THE FUTURE OF CITIES
Some of the literature on the “crisis of the cities” rebukes the present by contrasting it with a mythical Golden Age when community life was neighborly, companionable, and untroubled. But no historian has succeeded in locating such a Golden Age [Fischer et al., 1977, p. 197}, and predictions pf urban collapse are equally unrealistic. It is difficult to see how a modern society could operate without large cities. They may house a declining fraction of our population in the future, but it is unlikely that our “standard metropolitan statistical areas” will shrink, much less disappear [Chudacoff, 1975, p. 267]. The Inner-City UnderclassA half century of effort has failed to stop .inner-city decay. It is possible that, without such effort, the inner city might be even worse, but this cannot be proved or disproved. People, business, and industry are all deserting the centraf city for the suburb and smaller towns. The inner ‘city loses many of its jobs and its better educated and more successful people. Its tax base erodes at the
same time that its infrastructure (streets, bridges, sidewalks, water mains, sewers) are-crumbling, sending up all kinds of urban costs. . ~. The inner city becomes an enclave for the-“welfare poor and the unsuccessful. They cannot follow the jobs to the suburbs and small towns, because most residential areas deliberately zone out any new low-income housing which might attract “undesirables.” Urban public transport works backwards for the , inner city, for it is scheduled to bring people into the central city in the morning and back to the suburbs at night. Any new jobs in the central city are mainly white-collar jobs which demand the good education and facility in !’standard English” which most inner-citypeople lack. Thus inner-city poor, mostly minority find jobs where they live and~annot get to where the jobs are [Brunn and Wheeler, 1980, pp. 203-204]. We may be developing a permanent urban underclass, mostly minority, for whom there . are no jobs and no prospects of ever getting. jobs [Auletta, 1982]. The welfare cost of our inner-city underclass is our society’s price for keeping the poor out of sight and out of min . Present federal policy is to hope that with returning prosperity, market forces will take care of inner-city problems. They will not. Most of the inner-city poor lack the job skills
and the physical access need ed to fill the jobs which increasing prosperity would create. A realistic program would take either of two directions: (1) urban redevelopment, creating new jobs within the city which inner-city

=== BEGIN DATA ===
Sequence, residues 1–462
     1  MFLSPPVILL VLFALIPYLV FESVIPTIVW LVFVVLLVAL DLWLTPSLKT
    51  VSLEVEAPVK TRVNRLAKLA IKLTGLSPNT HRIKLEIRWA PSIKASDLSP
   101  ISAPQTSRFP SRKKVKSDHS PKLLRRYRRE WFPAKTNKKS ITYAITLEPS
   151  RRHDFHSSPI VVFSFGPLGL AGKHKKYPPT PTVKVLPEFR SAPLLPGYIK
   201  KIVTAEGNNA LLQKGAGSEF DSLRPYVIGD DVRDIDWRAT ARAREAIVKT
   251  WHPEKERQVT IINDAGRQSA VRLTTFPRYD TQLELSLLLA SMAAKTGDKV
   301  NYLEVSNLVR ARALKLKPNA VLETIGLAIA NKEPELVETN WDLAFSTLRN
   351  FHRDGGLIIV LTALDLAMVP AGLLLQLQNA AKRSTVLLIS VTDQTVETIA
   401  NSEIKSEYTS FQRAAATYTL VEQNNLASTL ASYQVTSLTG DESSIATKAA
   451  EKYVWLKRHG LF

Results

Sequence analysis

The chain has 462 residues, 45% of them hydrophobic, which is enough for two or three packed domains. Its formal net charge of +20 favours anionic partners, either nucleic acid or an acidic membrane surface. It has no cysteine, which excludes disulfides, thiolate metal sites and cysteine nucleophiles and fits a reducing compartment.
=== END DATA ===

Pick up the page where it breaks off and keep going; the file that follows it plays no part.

people could fill, or (2) relocation’s, moving inner-city people to where the jobs are located. Some urban specialists favor redevelopment [Cassia, 1980], and some favor relocation [Bruno and Wheeler, 1980]. Either
would cost a lot of money and challenge many vested interests, with no certainty of success. Our present national policy might be termed one of indifference. In the present political mood of the American people, neither
program is likely to be attempted. all federal support for new towns was ended in 1978. A new town would need to be completed every week if even half our expected urban growth were to be ‘accommodated. Consequently,
most of our urban development may be expected to follow conventional patterns.
One commonly recommended antidote (or urban problems today is city planning. Practically every city has a city planning board, although often it does little but decide upon the location of highways, public buildings,
and upon zoning changes. Any comprehensive planning is certain to meet opposition from many ves ed interests. Yet without com-_ prehensive planning and execution 0″ these plans, the American city facet! accelerating decay. Slums are spreading faster than.they are being cleared. Uncoordinated, piecemeal development of the urban fringe and of the “strip” cities is certain to mean great waste and agonizing future problems. Sewers, water mains, an expressways, built after many homes and buildings are constructed, will require expensive demolition. One suburb will wind up with lots of children to educate, while another suburb will have the industrial properties which make up the tax base needed to finance good schools. Certain areas will begin to have costly floods when the development of adjacent areas alters the watershed. Quiet residential areas will become noisy thoroughfares because of developments in adjacent areas. Problems like these are the fruit of uncoordinated,’ unplanned regional development. There are, as yet, few planning authorities with power to make, let alone enforce, the execution of plans for an entire metropolitan area. Eventually, after the problems have become intolerable and most of the mistakes have already been made, we
shall probably create the plans. ‘They will need to include the provision of adequate .